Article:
Laxman Bahroo, DO: No. I like to think of them earlier, especially if they’re having what I call unpredictable ones or these one-offs, like, “I start with OFF in the morning, and the rest of my day I’m pretty good unless I miss a dose, or I’ve taken it too close to food.” I say, “That can be fixed. You need to take doses on time, and take them apart from food.” If that’s not a problem, you still have this problem in the morning. If they’re having these one-off problems or there’s no pattern to them, I often will tell them, “It’s very easy for me to tell you, take more levodopa, or just take it more frequently. Or just add an adjunct. Understandably, if you’re having OFF at 8 o’clock in the morning, and then another day you’re having OFF at 12 o’clock, another day you’re having OFF at 8 and 5 or some other time, there’s no pattern to this. I can’t give you a pill that can kick in only at this time and not affect the rest of the day, and vice versa.”

We need to be able to solve these issues. The way I liken it to my patients in an analogy is, “Imagine you’re driving a car and you hit a pothole. You’ll hit potholes at different times and the key is to fix potholes, not to build you a whole other road. By adding adjuvants, we’re kind of widening the road, but the road still has potholes in it. Fix the potholes, and that’s how we fix the potholes, with on-demand therapy.”

Khashayar Dashtipor, MD: As soon as you start your add-on therapy, you offer them on-demand therapy at the same time, correct?

Laxman Bahroo, DO: It depends. Let’s say I have somebody who is on levodopa only. In theory, most patients of mine may be on 1 add-on therapy because they may have started it first, or we may have added it when they would have experienced some end of dose wearing OFF. Let’s say they’re having mornings OFFs twice a week, and they’re having some other OFFs somewhere in the middle of the day. There are 2 different patterns to this, or maybe there’s no pattern to this. Rather than adding another adjunct of medication that they would have to take once a day every day that may or may not fix this, I would rather just add an on-demand medication here that they can take as needed. If they don’t need it, they don’t need it. They might only use it 3 times a week, or maybe 4 times a week.

Khashayar Dashtipor, MD: My philosophy is, as soon as you need to add another adjunct therapy, that’s the time when you have to introduce your patients to on-demand therapy. As soon as patients start to show motor fluctuation, they’re going to continue it because that motor fluctuation is unpredictable and each OFF time or ON time are not the same. A patient can say they are ON, but they are not fully ON, or they have delayed ON. Therefore, when a patient gets to the point that you’re thinking about an add-on, at the same time you have to introduce them to on-demand therapy as well.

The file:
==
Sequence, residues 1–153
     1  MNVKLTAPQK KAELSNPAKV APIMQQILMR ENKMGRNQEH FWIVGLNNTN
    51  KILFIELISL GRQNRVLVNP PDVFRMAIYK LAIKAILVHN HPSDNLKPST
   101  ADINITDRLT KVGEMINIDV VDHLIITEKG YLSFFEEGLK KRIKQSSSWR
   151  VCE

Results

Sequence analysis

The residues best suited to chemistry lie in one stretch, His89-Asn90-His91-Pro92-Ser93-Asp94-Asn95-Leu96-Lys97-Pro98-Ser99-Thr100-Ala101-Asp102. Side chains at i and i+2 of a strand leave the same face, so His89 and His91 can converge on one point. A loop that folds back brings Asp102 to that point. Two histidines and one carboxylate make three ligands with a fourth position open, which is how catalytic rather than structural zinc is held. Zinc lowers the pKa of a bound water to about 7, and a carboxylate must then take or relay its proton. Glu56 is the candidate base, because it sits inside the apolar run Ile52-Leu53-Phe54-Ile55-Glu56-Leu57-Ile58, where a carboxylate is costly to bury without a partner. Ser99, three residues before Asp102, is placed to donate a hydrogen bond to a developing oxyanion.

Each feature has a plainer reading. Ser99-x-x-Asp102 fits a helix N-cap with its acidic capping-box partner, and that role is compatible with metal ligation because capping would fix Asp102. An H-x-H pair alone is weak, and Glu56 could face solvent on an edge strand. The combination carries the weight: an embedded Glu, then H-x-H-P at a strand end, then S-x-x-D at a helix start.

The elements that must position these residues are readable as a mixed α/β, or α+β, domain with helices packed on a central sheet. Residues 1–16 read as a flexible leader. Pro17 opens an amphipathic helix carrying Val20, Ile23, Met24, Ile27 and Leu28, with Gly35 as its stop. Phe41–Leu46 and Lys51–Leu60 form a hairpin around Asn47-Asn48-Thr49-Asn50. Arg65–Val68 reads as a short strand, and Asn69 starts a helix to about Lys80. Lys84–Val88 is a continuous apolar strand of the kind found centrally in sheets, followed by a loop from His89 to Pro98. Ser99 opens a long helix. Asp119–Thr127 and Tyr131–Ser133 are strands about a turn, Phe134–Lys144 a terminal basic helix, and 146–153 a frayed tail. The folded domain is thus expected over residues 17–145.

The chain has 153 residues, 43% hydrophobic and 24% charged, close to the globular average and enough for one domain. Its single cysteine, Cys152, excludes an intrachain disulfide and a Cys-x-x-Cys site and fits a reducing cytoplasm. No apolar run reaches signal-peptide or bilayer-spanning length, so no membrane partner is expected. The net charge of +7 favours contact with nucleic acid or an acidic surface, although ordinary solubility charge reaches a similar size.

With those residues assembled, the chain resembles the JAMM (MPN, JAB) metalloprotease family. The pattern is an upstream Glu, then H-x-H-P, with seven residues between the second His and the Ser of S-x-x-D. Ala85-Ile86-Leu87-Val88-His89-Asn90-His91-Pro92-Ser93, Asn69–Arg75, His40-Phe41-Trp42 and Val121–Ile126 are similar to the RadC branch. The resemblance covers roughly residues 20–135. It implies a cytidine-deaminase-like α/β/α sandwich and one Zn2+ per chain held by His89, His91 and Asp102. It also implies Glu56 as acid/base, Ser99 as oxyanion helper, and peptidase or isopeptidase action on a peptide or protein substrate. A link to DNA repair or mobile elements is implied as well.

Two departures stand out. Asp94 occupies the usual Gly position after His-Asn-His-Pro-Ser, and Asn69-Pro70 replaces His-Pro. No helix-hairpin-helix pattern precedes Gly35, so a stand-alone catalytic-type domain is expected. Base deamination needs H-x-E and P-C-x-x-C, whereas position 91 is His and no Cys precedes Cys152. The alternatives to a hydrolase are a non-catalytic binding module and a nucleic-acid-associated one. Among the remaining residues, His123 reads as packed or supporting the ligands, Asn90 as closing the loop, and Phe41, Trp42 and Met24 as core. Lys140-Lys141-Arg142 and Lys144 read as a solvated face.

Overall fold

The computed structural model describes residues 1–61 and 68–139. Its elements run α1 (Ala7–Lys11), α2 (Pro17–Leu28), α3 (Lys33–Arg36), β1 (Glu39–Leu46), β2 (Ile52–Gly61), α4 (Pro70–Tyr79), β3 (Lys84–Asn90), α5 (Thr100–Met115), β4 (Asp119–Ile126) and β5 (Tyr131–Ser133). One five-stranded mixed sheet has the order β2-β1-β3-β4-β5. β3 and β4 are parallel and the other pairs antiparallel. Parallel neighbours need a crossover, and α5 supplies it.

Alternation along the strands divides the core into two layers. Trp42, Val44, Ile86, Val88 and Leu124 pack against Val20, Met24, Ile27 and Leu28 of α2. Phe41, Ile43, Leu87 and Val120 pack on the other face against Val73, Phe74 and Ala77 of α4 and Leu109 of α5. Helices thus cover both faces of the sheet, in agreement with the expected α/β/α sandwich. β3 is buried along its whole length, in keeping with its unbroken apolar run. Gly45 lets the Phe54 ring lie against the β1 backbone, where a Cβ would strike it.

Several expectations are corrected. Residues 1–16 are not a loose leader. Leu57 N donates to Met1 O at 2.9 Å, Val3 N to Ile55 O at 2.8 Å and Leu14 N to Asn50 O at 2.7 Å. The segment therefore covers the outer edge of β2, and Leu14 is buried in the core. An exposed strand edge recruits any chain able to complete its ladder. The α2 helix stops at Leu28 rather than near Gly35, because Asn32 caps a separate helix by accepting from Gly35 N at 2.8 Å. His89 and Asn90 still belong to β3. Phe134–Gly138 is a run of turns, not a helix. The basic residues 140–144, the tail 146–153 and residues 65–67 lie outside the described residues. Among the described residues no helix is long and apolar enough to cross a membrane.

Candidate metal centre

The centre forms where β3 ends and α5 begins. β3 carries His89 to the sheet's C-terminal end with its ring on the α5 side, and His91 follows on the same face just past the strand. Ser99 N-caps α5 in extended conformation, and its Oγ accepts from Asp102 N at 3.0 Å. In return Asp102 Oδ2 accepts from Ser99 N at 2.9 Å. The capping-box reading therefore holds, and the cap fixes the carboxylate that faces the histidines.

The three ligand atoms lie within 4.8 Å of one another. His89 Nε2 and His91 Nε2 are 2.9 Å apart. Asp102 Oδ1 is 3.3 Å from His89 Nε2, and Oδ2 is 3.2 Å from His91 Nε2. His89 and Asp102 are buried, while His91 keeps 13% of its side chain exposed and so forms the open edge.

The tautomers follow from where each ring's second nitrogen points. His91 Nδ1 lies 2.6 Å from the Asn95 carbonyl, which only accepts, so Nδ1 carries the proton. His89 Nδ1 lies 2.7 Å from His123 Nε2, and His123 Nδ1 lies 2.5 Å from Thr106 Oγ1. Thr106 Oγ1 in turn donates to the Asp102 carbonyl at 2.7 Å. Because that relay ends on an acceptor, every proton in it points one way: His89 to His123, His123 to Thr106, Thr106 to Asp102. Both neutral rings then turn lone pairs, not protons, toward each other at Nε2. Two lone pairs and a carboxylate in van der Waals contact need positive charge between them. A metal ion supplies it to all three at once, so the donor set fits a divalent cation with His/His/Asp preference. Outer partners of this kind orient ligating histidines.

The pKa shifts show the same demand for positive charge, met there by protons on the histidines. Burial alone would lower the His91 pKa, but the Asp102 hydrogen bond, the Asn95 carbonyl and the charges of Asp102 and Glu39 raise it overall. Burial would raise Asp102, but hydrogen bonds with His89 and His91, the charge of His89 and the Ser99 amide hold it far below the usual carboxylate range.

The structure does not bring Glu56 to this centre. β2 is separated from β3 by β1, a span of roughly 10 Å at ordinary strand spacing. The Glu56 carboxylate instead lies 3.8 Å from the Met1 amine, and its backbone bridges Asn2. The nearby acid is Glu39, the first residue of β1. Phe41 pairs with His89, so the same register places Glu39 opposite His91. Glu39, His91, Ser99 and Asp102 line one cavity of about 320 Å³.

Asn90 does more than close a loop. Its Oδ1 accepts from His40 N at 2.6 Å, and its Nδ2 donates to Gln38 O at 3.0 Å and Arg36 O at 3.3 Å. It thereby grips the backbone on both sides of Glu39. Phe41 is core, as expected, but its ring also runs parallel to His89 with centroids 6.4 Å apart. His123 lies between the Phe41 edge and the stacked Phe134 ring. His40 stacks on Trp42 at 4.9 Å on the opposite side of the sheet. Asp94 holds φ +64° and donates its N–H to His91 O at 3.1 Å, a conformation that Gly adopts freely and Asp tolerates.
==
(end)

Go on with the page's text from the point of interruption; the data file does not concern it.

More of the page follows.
Stuart Isaacson, MD: What do you think about this idea that when patients have OFF and we’re thinking about adjusting levodopa or adding an adjunctive medicine, that we should also offer an on-demand therapy to treat their OFF while we’re attempting to lessen their overall OFF time?

William G. Ondo, MD: It’s a case-by-case basis. I wouldn’t be quite so aggressive as Dash. I do think there are times with all of the options we have, including long-acting levodopa, that you can for at least a while get no OFF time. So that being said, there’s really not that much downside from a purely medical standpoint to using as-needed therapies like levodopa and apomorphine. These drugs have been around for a long time, so we’re fairly comfortable with using them.

If it is some modest predictable OFF time, I’m not sure if I would use them necessarily in the first line. If it’s unpredictable, then they certainly come up to first-line therapy for that. Otherwise, it’s kind of a case-by-case basis, depending on the needs of the patient.

Stuart Isaacson, MD: Thank you all for joining me and for watching this NeurologyLive® Peer Exchange. I hope you enjoyed the content. Please subscribe to our e-newsletters to receive upcoming Peer Exchanges and other great content right in your inbox.

Transcript edited for clarity.